So as to reach new audiences, online video platform Brightcove said Thursday that its publisher customers can now distribute their fare through Yahoo's Widget Engine, which powers widgets on Yahoo-Connected TVs.
Manufactured by Sony, Samsung, Vizio, and LG, Yahoo-Connected TVs already display low-hanging widgets carrying a range of Web content, including Facebook and Twitter streams, stock quotes, weather reports, and Amazon on-demand videos.
"We are constantly striving to extend the Brightcove platform to enable new three-screen distribution strategies for our customers," said Chris Johnston, director of technology partnerships at Brightcove.
Presently, Brightcove's customer base includes roughly 900 professional media publishers. Those already using the new distribution channel include Time Inc., Cars.com, TheStreet.com, Wine Spectator, Slate, and The Hollywood Reporter.
"Online video continues to be a strategic tool for driving traffic and increasing audience engagement," said Nikki Hamedani, senior digital marketing manager with The Hollywood Reporter Online.
Today, 71% of the U.S. online audience watches video online, while Forrester expects the number of streams consumed to more than double by 2013. Driving this growth is an explosion of video content from users, professional studios, and marketers.
The distribution deal with Yahoo relies on Brightcove's Universal Delivery Service, which was introduced as part of the recently launched Brightcove 4 platform. With UDS, Brightcove customers can upload a single master video file, which is then transcoded into multiple formats for delivery on PCs, mobile devices, connected televisions or set-top boxes.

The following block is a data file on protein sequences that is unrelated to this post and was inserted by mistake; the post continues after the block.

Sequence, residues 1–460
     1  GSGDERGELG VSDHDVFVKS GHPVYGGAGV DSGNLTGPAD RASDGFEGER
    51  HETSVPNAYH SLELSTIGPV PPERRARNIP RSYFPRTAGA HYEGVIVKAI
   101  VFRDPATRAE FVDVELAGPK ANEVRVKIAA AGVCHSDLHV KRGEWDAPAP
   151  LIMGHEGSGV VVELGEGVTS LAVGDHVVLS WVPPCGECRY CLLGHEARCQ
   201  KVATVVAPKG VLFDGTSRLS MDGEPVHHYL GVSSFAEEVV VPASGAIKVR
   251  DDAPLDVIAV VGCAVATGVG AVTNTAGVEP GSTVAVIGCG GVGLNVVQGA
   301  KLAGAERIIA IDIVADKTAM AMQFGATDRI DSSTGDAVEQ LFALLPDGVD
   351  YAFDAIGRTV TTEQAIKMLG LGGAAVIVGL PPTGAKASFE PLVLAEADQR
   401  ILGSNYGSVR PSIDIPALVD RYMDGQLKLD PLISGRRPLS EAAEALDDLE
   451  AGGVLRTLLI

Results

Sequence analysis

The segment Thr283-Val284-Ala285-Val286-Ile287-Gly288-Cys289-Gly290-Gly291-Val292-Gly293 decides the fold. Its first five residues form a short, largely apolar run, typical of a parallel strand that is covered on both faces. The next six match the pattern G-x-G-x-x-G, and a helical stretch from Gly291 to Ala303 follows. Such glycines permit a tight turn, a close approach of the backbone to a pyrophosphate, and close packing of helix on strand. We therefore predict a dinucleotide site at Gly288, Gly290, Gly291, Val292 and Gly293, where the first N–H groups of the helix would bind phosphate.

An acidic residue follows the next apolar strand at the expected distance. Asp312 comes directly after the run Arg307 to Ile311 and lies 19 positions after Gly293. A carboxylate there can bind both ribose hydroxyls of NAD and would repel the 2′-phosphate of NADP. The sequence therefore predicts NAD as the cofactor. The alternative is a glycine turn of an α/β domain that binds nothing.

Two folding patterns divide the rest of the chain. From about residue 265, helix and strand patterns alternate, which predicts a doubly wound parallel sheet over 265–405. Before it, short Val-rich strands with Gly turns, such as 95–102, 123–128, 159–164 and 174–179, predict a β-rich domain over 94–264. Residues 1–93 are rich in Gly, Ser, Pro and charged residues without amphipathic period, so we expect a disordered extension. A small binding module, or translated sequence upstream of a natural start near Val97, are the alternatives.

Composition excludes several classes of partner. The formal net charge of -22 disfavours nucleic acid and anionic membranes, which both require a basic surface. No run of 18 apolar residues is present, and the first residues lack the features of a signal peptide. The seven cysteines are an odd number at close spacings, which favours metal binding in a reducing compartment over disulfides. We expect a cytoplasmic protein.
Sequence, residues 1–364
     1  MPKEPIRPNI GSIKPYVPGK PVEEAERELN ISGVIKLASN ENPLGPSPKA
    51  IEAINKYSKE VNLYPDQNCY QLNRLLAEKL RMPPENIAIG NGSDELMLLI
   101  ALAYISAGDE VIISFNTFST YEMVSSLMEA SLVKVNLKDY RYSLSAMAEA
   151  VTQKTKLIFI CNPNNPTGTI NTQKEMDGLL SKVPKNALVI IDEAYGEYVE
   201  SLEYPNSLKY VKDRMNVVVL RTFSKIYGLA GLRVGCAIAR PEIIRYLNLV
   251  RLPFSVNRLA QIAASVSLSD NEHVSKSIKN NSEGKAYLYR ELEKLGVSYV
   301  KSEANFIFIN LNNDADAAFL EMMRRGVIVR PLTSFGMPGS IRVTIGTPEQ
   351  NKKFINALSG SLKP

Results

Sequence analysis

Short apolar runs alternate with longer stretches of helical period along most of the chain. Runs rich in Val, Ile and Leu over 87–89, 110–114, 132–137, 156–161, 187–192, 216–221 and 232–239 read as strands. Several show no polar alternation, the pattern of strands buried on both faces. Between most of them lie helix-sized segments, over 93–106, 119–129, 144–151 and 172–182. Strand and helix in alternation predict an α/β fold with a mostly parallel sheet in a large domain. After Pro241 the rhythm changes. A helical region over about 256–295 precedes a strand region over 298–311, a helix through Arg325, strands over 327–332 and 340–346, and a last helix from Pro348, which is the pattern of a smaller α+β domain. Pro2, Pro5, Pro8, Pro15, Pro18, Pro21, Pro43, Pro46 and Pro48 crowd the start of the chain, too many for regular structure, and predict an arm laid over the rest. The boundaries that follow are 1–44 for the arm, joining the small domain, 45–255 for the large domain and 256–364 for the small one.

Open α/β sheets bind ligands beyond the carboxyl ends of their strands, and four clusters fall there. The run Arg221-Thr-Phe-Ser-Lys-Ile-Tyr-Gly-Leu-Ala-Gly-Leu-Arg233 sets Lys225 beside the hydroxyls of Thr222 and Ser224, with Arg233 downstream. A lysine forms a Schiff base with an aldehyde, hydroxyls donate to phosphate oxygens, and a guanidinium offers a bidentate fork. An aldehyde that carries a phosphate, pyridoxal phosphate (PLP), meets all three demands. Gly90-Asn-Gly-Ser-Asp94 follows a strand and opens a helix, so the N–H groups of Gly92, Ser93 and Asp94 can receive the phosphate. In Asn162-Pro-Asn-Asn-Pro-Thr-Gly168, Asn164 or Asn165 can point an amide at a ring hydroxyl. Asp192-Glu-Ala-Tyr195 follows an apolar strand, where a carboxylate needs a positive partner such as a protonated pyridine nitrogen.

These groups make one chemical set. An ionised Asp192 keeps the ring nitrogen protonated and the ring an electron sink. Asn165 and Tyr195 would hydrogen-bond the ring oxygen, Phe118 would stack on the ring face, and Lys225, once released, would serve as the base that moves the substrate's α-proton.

Separately, Yahoo has announced a partnership with MIPS Technologies, which makes processors for Internet-connected TVs and set-top boxes.
Founded in 2004, Brightcove turned a profit for the first time this year -- while this year and in 2009, CEO Jeremy Allaire says the company will post 50% better year-on-year revenue.
Driving growth during a difficult period for media companies, Allaire recently projected that business from non-media companies will make up 65% of Brightcove's revenue during the fourth quarter of the year.
As the adoption of video platforms proliferates beyond the realm of media and entertainment, Brightcove and rival Ooyala were recently cited by Forrester Research as the top vendors to beat.
Brightcove -- rumored to be a Google acquisition target -- separated itself from the pack with leading scores in distribution and integration, while Ooyala earned its highest marks in monetization and analytics. Each platform, however, is fully capable of serving all segments of the video market on a global basis, according to Forrester.